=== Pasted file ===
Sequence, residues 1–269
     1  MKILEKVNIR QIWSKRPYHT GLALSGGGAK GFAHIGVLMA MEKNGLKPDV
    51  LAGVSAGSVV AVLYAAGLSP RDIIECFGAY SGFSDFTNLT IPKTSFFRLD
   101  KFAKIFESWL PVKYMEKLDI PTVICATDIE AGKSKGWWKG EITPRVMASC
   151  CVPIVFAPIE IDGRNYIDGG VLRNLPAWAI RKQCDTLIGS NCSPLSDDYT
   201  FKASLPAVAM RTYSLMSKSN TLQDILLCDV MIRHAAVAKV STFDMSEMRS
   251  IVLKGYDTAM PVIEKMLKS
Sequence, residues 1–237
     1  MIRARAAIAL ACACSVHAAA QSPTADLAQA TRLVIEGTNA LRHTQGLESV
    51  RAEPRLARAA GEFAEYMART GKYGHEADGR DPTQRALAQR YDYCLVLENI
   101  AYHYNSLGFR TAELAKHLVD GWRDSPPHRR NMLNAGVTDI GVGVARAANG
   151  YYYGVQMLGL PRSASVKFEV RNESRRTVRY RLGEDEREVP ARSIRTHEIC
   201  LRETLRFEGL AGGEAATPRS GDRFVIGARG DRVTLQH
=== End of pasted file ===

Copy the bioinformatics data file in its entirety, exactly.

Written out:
Sequence, residues 1–269
     1  MKILEKVNIR QIWSKRPYHT GLALSGGGAK GFAHIGVLMA MEKNGLKPDV
    51  LAGVSAGSVV AVLYAAGLSP RDIIECFGAY SGFSDFTNLT IPKTSFFRLD
   101  KFAKIFESWL PVKYMEKLDI PTVICATDIE AGKSKGWWKG EITPRVMASC
   151  CVPIVFAPIE IDGRNYIDGG VLRNLPAWAI RKQCDTLIGS NCSPLSDDYT
   201  FKASLPAVAM RTYSLMSKSN TLQDILLCDV MIRHAAVAKV STFDMSEMRS
   251  IVLKGYDTAM PVIEKMLKS
Sequence, residues 1–237
     1  MIRARAAIAL ACACSVHAAA QSPTADLAQA TRLVIEGTNA LRHTQGLESV
    51  RAEPRLARAA GEFAEYMART GKYGHEADGR DPTQRALAQR YDYCLVLENI
   101  AYHYNSLGFR TAELAKHLVD GWRDSPPHRR NMLNAGVTDI GVGVARAANG
   151  YYYGVQMLGL PRSASVKFEV RNESRRTVRY RLGEDEREVP ARSIRTHEIC
   201  LRETLRFEGL AGGEAATPRS GDRFVIGARG DRVTLQH